Storm Prediction Center Forecast

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SPC - No watches are valid as of Mon Mar 30 13:40:01 UTC 2020

No watches are valid as of Mon Mar 30 13:40:01 UTC 2020.

SPC - No MDs are in effect as of Mon Mar 30 13:40:01 UTC 2020

No Mesoscale Discussions are in effect as of Mon Mar 30 13:40:01 UTC 2020.

SPC Mar 30, 2020 1300 UTC Day 1 Convective Outlook

SPC 1300Z Day 1 Outlook
Day 1 Outlook Image
Day 1 Convective Outlook  
NWS Storm Prediction Center Norman OK
0749 AM CDT Mon Mar 30 2020

Valid 301300Z - 311200Z


Severe hail and wind are possible over parts of the southern High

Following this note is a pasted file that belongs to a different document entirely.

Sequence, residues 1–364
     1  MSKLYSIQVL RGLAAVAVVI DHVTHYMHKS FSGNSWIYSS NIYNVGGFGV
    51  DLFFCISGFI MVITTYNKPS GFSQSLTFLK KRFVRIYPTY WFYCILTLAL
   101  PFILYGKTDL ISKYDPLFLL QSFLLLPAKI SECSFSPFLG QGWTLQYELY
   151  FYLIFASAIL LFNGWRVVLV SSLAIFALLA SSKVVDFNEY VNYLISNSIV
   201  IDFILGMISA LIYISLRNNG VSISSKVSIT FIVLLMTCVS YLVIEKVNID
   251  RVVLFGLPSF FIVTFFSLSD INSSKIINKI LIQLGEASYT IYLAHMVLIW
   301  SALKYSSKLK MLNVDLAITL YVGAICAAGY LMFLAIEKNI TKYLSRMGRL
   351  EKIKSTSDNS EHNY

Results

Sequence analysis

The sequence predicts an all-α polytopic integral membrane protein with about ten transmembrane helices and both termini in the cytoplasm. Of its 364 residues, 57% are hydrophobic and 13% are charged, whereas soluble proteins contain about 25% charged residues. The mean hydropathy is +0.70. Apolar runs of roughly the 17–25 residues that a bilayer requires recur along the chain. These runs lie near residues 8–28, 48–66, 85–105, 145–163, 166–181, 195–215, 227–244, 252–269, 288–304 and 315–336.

Plains this afternoon and early evening.  This afternoon through
tonight, a few severe storms may affect a corridor from east-central
Texas into a portion of the lower Mississippi Valley.

A progressive upper-air pattern over the CONUS will feature three
predominant perturbations:
1.  The long-lived, but filling cyclone now centered over southern
ON, and forecast to move eastward across New England and over
adjoining Atlantic waters by 12Z tomorrow.
2.  A vigorous, southern-stream trough -- apparent in moisture
channel imagery over eastern portions of AZ/UT.  This feature will
move quickly, reaching the southern/central High Plains around 00Z,
and the Ozarks/Arklatex regions by 12Z.
3.  An elongated synoptic cyclone now moving southeastward offshore
from the Alaska Panhandle and BC coast, with a strong, basal
shortwave trough crossing coastal WA.  The shortwave trough will